Cigarettes - Addiction and Product Dangers & The Targeting Of Young People Every day, 3,000 kids start smoking, most of them between the ages of 10 and 18. These kids add up to 90 percent of all new smokers. These statistics show us that young people are the main targets of the tobacco companies. The cigarette manufacturers will deny it, but advertising and promotion play a very important part in making these statistics a reality. The two main companies in this advertising war are Marlboro and Camel. Marlboro uses a western cowboy called the Marlboro Man, while Camel uses Joe Camel, a hip cartoon character. Everywhere you go there is billboards or some other kind of advertisement on these two shady characters. When I say shady, I imply that these characters are not just figures we see but they are traps just waiting to lure the next victim in.
As kids look through magazines and see Joe Camel driving a cool car and surrounded by beautiful women they get the idea that in order to be somebody they need to smoke a Camel cigarette. It is not right to prey on young people just because they are unaware of the dangers of smoking.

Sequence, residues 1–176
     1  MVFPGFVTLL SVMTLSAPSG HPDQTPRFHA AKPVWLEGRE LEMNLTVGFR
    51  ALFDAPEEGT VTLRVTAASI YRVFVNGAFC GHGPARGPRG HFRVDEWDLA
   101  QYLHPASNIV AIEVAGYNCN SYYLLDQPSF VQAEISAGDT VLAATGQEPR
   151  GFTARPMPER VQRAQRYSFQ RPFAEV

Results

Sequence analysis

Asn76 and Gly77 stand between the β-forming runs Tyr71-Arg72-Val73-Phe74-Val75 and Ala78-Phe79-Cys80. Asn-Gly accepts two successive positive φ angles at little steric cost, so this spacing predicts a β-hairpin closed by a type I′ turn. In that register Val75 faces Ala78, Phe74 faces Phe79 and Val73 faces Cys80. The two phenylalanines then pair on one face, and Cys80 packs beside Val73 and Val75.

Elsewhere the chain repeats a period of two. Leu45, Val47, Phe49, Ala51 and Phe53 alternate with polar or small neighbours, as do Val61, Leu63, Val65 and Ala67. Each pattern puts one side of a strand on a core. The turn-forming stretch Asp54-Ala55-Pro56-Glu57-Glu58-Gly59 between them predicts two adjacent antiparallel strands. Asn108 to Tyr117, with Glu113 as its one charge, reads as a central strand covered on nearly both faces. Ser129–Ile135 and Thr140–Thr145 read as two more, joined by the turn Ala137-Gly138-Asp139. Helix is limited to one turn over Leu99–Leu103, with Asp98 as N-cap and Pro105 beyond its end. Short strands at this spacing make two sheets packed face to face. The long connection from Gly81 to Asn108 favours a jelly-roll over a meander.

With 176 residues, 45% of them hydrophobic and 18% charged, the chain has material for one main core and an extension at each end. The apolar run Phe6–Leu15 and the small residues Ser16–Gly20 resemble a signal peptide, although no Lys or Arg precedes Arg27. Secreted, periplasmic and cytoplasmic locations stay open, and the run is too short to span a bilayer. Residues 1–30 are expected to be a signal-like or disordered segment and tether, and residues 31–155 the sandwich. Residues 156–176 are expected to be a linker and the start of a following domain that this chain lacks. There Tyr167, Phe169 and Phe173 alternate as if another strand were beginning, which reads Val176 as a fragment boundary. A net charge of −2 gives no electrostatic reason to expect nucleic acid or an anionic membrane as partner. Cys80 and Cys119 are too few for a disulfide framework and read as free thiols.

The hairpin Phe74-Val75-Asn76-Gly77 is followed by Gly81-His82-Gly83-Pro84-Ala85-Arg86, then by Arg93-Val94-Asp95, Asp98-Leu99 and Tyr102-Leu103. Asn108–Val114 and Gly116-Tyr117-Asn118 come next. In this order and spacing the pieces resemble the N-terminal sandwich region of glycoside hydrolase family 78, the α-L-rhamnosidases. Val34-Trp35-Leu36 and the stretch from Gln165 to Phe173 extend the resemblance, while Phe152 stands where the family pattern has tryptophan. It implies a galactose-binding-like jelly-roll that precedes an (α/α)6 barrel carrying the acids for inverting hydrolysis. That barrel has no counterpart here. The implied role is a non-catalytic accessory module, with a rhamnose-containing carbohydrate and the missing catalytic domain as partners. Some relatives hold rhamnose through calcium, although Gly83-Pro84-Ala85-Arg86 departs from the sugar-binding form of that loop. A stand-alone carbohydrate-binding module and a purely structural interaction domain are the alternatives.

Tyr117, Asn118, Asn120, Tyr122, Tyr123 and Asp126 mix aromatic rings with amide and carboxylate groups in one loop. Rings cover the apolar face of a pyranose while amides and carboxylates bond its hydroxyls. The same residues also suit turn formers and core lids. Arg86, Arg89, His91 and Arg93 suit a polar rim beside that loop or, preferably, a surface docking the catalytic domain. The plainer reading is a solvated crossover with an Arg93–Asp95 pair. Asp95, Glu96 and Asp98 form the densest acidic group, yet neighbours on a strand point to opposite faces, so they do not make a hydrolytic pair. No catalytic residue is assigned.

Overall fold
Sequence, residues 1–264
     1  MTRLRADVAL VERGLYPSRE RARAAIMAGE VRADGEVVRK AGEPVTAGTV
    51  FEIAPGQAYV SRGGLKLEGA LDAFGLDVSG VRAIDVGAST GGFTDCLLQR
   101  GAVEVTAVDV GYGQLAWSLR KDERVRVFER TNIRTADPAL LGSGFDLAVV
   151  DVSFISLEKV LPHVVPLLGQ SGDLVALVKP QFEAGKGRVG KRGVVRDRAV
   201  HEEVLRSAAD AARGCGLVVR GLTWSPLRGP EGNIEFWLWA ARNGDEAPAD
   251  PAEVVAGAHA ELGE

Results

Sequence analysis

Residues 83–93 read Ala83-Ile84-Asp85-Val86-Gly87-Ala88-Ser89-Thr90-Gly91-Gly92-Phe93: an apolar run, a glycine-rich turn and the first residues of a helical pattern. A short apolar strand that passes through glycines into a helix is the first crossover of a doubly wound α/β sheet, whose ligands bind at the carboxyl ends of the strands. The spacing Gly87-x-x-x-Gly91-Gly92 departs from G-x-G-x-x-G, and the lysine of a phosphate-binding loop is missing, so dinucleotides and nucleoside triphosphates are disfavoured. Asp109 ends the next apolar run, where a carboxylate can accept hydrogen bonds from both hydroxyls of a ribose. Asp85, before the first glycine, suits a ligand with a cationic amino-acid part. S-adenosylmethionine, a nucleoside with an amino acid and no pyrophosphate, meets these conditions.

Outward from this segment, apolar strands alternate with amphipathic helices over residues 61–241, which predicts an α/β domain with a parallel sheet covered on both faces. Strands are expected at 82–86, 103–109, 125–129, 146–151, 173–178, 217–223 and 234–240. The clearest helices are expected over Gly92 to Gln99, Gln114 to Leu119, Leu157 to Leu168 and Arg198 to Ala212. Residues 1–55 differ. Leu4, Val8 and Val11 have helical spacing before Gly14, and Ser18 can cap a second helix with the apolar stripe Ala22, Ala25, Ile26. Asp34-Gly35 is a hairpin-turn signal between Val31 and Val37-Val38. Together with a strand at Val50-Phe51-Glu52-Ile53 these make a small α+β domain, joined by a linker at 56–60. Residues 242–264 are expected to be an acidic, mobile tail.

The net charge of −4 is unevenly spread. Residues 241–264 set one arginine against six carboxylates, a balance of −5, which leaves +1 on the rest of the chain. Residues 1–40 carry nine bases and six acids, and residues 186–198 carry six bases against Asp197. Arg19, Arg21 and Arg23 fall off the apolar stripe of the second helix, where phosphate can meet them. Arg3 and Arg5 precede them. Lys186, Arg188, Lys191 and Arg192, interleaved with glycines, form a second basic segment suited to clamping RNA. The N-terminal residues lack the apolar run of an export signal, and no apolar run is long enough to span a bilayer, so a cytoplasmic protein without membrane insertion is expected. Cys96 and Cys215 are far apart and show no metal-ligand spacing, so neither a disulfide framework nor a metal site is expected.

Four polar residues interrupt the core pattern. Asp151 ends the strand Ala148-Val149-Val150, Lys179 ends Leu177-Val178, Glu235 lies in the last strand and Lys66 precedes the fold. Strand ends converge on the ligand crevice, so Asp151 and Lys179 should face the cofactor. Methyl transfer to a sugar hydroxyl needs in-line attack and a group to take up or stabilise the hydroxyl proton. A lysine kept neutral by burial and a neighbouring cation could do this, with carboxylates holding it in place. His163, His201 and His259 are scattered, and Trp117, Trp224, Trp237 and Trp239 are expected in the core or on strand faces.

The tobacco industry denies that these symbols target people less than 21 and claim that their advertising goal is simply to promote brand switching and loyalty. Many people disagree with this statement.
The problem we are facing is not only with the tobacco companies but with the young people also. The reason why I say this is because most youths know that they are being targeted. If these kids realize that the advertising is manipulating them, why do they still smoke? The ads reflect an image of rebellion and fitting in. These are all the...